Plugin for MySQL Server
Syncrify can efficiently backup and restore a running instance of MySQL server. This page demonstrates how to configure the MySQL plugin in Syncrify. It also talks about some pre-requisites and other important information to keep in mind.
- MySQL Server and Syncrify client must be on the same machine
- Permissions on MySQL must be configured correctly to allow localhost to connect to the server.
- User that runs backup must have access to the database. Click here for instructions.
Backups to MySQL server are run in two steps:
- Syncrify issues a
SELECT * INTO OUTFILE commands against every table, which creates a local files containing a backup of the database.
- Syncrify client then copy these files to a remote machine
- Syncrify creates two script files during backup:
- schema.sql - contains the schema of the entire database necessary to recreate it
- restoreDB.sql - contains LOAD DATA INFILE statements necessary to populate tables.
- Start Syncrify Client, and select your desired profile.
- Click the right mouse button on the left hand side.
- This invokes the following screen
|Friendly name:||A name that identifies this backup entry. This name is used as part of the folder to store the backup on the server. Therefore, this name must conform to the rules used to specify file names. For example, you cannot have |
\ / : * ? " < > | characters.
|SQL Server host:||This MUST be localhost. You cannot backup a MySQL server running on a different machine. |
|TCP/IP Port:||Refers to the TCP/IP port where server is running. The default value is 3306. |
|Login:||A valid user in MySQL server that has permission to backup|
|Database:||Database name in MySQL server. Although you can backup any database, including mysql and test, you cannot use Syncrify to automatically restore a mysql database. See below to see what is an automatic restore|
|Temp file path:||This is the location where Syncrify creates a backup of the database on the local machine. |
|Auto Restore||Unintentional restores in a database can be dangerous. This checkbox provides a safeguard against such intentional restores. When this box is not checked, a restore will only cause the .BAK and .SQL files to get downloaded from the remote Syncrify server to client. An actual database restore won't occur. A DBA can then manually restore the database from the .BAK if needed.
When this box is checked, besides restoring the .BAK file, Syncrify will run execute commands in schema.sql and restoreDB.sql file, which does the following:
When this box is not checked, Syncrify will restore necessary files to restore the database, but won't run the SQL statements, allowing more control to the administrator who can run SQL statements selectively. This is a useful option if you want to restore just one table rather than the entire database.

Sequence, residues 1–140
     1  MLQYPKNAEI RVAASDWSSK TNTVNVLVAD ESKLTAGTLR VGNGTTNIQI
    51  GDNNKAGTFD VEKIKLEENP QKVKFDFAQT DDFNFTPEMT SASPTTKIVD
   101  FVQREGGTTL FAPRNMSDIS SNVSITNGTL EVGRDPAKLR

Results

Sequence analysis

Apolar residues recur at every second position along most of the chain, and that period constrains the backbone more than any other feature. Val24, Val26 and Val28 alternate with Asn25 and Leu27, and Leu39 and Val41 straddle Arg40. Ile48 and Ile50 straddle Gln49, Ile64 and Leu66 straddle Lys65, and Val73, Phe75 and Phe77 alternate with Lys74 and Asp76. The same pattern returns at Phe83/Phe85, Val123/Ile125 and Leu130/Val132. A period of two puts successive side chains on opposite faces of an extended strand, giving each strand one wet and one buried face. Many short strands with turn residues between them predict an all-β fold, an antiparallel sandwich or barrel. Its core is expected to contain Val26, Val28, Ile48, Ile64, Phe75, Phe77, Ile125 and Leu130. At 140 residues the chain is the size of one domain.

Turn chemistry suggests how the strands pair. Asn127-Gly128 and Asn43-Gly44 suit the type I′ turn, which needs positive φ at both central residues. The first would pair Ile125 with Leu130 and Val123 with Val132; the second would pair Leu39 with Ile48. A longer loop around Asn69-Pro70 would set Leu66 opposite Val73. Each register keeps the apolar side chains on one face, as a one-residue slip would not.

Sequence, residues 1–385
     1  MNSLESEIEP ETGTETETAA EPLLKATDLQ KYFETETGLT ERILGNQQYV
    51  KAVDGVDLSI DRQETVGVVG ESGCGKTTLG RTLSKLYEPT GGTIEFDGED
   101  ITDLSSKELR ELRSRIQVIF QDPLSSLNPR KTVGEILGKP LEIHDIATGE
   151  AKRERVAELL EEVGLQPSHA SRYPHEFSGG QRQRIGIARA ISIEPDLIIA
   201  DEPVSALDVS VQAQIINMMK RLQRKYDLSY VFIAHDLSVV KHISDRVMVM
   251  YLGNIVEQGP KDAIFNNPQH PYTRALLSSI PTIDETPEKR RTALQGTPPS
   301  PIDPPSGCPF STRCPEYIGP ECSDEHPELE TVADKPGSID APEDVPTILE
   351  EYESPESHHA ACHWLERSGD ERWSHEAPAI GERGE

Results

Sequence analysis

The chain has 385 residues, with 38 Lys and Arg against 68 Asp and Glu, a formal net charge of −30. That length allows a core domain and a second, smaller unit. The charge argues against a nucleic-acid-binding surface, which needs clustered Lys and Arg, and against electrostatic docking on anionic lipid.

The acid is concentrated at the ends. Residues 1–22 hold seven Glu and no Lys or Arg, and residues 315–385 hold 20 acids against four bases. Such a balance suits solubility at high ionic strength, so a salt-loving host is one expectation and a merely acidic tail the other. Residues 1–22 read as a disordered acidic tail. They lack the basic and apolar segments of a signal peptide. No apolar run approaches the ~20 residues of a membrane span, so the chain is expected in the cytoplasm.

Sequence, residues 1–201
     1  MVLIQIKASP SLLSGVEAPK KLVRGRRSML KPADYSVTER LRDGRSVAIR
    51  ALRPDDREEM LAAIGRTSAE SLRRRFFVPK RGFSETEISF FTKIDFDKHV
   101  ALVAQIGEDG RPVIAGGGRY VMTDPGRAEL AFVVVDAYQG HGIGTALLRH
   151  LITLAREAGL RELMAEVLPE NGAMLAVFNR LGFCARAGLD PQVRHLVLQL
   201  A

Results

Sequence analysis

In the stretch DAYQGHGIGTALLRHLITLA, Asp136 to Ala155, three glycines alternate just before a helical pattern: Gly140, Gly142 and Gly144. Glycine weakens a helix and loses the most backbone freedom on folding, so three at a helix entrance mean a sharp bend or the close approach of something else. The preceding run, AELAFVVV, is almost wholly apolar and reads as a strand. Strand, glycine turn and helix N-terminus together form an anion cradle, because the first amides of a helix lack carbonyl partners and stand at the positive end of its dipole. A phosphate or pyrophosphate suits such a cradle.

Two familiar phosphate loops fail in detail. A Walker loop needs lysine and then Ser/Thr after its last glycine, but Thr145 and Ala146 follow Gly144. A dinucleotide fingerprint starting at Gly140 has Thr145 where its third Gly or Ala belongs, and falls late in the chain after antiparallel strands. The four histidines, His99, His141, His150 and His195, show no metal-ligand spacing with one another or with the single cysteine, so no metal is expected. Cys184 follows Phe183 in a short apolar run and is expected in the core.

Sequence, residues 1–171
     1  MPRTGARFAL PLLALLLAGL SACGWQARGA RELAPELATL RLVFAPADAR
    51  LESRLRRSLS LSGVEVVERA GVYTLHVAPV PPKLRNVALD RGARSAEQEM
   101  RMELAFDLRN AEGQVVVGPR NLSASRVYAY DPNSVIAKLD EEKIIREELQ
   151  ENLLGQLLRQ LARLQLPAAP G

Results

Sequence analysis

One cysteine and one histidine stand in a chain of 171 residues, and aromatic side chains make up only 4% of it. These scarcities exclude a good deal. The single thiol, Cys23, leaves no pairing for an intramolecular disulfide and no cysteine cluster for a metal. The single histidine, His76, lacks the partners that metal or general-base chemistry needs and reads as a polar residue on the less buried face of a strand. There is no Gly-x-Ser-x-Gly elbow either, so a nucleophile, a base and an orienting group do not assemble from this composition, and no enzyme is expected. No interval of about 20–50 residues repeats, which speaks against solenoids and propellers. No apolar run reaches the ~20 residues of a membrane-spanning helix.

- Drops existing database
- Creates necessary tables, views, stored procedures and triggers
- Populates tables
|Retain work files:||Backing up MySQL Server is a two-step process. First, Syncrify runs a |
SELECT * INTO OUTFILE command against MySQL Server. This creates a .BAK file on the client machine contain a backup. Syncrify then backs up this local file to the remote machine in the second step.
When this option is checked, Syncrify won't delete the .BAK file that is created in the first step. If you have enough hard-disk space to hold this temporary files, we recommend you leave this option checked.
option in Syncrify makes this plugin for MySQL Server acts differently. Following table describes this behavior.
|Client to Server||This is the default backup direction. Syncrify create .BAK files, which are then transferred to the remote machine.|
|Server to Client||This is like a restore. Syncrify pulls the .BAK file from the server and if Auto Restore is checked, runs |
restoreDB.sql scripts against the database.
|Two-way sync||We discourage using two-way sync when using this plugin. Since a .BAK file is created on demand, Syncrify will always end-up pushing the local copy to the server. This can create unwanted results. |
When Auto Restore
option is turned off, you must manually restore a database. This includes running SQL scripts in
You can use any querying tool to run these scripts. We recommend you use WinSQL
Both script files (schema.sql and restoreDB.sql) contain several SQL statements. These statements are terminated by the word go
on a line by itself. If you use a tool other than WinSQL, you will have to change this query terminator to a value that is understood by that tool.